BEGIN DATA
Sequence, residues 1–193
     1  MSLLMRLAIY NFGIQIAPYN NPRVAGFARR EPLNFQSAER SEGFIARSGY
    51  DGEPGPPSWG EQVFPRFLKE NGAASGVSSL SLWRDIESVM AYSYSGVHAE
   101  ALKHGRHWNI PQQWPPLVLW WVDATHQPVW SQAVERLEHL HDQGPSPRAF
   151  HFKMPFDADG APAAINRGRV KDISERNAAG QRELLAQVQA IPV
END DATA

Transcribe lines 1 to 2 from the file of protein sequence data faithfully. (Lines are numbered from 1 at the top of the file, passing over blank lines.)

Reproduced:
Sequence, residues 1–193
     1  MSLLMRLAIY NFGIQIAPYN NPRVAGFARR EPLNFQSAER SEGFIARSGY